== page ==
Are you guilty of information overload? Do you abuse Clip Art? Here, the experts weigh in on how to create a pitch-perfect PowerPoint presentation.
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Steve Jobs speaking at a Press Conference On Apples iPhone 4
"There's something in the air." With these five words, Steve Jobs opened the 2008 Macworld conference. Jobs is often cited as one of corporate America's greatest presenters, and that's simply because he understands one thing: how to tell a story. Like any great sales pitch, an effective PowerPoint offers a compelling narrative; it elicits an emotional response from the audience, even if the subject is, say, debt consolidation, or finance derivatives. The trick is to understand how to engage your listeners, keep them focused, and use the right visual imagery to convey your message. So whether you're pitching an idea to investors, introducing a new product to your clients, or simply reviewing your company's quarterly results, a great PowerPoint presentation will leave your audience feeling inspired.
Creating a great PowerPoint is simpler than you might think. More often than not, you don't need to be a great designer, writer or orator to come up with an attention-grabbing presentation. What you do need, however, is an understanding of how to capture an audience's focus—and perhaps a bit of their imagination. Here are a few tips on how to create a PowerPoint that your audience won't forget.
"One thing I like to do is make sure there's a logical story," says Janet Bornemann, the creative director of PowerPoint Studio, based in Acton, Massachusetts. Bornemann, who designs PowerPoint presentations for corporate clients, says that just like any piece of good writing, there needs to be a beginning, middle, and an end to your presentation. Traditionally, in the beginning of the presentation you tell the audience what you plan to cover, in the middle of the presentation you tell them, and in the end, you tell them what you've told them. One clever tip Bornemann recommends is to use five words per line, and five lines per slide.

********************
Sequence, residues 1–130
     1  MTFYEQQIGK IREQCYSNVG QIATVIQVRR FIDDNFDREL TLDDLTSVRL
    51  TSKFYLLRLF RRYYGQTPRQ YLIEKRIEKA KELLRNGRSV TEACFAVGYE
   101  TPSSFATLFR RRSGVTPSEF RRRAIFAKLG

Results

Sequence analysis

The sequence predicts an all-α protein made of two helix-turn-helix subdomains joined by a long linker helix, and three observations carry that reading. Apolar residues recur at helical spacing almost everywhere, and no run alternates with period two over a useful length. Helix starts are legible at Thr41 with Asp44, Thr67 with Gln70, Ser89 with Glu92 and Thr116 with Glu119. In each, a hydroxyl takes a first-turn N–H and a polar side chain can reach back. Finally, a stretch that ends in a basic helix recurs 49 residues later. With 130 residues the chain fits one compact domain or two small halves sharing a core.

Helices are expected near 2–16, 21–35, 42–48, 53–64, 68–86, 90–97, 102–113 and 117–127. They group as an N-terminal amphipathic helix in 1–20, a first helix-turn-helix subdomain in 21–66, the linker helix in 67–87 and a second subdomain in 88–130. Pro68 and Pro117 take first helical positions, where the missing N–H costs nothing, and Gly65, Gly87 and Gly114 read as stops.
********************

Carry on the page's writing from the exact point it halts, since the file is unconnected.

Guy Kawasaki, a venture capitalist and Inc. contributor, has his own technique for creating a storyline for an entrepreneur's PowerPoint presentation to investors. His method, which he calls the 10/20/30 rule, is a great way to structure your presentation's story. "It's quite simple," Kawasaki wrote on his blog, How to Change the World. "A PowerPoint presentation should have ten slides, last no more than twenty minutes, and contain no font smaller than thirty points."
Kawasaki's recommended structure for any entrepreneurial presentation is as follows:
1. Problem 2. Your solution 3. Business model 4. Underlying magic/technology 5. Marketing and sales 6. Competition 7. Team 8. Projections and milestones 9. Status and timeline 10. Summary and call to action
Regardless of a specific structure you choose for your presentation, your story needs to accomplish three goals: frame the issue, present the challenge, and explain how you will solve the problem.
At some point or another, we've all sat through a PowerPoint presentation flooded with an endless stream of bullet points, sentences, or even full paragraphs. It may seem obvious, but according to Bornemann, this is one of the biggest—and most common—mistakes made by presenters. And when the presenter lists too much detail on the slides, few people will be able to retain any of it.